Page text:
Social housing and the myth of ‘inherited’ tenancies

by Cllr Leonie Cooper

The past few months have seen an upsurge of interest in social housing- but for all the wrong reasons.

One example that has had the Tories and right-wing media frothing at the mouth is the need to get rid of ‘lifetime’ tenancies, so that Councils can re-allocate properties on a regular basis, moving on tenants who are ‘under-occupying’.

Another new policy has been serving notice of eviction on whole households, including small children, when (usually) a teenager has been accused of being involved in the August riots.

In Wandsworth, we now have 3 such cases – but the local Tories proudest moment was being the first Council to serve an eviction notice. 8-year old Jessica, Daniel’s little sister may not see it as quite such a triumph, though.

But another area that has attracted recent attention are the 90,000 people who have inherited tenancies. “More than 90,000 live in ‘inherited’ council homes” screamed the Telegraph in October.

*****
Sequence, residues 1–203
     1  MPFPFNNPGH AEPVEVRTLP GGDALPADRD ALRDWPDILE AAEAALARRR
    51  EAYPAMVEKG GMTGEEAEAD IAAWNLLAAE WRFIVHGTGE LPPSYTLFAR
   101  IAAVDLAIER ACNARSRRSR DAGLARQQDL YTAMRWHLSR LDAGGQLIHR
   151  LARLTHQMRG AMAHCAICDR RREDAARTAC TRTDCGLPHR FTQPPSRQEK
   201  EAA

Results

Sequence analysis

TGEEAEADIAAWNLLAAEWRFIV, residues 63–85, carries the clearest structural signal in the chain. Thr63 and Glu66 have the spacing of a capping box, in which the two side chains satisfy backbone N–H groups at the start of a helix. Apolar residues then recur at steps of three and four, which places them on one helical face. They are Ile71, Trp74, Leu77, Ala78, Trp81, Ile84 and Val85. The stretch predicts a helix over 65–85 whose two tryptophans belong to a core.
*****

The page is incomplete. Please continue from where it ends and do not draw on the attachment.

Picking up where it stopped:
Rent subsidy for these ‘dreadful people’ could be as much as £300 million. Ministers are looking at closing this appalling loophole, we are told.

But nowhere is there an explanation as to why anyone might be allowed to inherit a Council or Housing Association tenancy in the first place.

So who are these people? They are joint tenants whose husband or wife has died, or someone in a civil partnership whose partner has died.

As one half of the joint tenancy has passed away, the remaining person succeeds to the tenancy as an individual. Sometimes, much more rarely, the inheritor is a son or daughter, usually living at the family home to care for an elderly parent. Councils and Housing Associations conduct very full checks before allowing anyone to inherit a tenancy – obviously.

But in the brave new world ushered in since the arrival of the coalition, we see the government promoting the eviction of the bereaved. It may be a Big Society, but it certainly isn’t a caring one.

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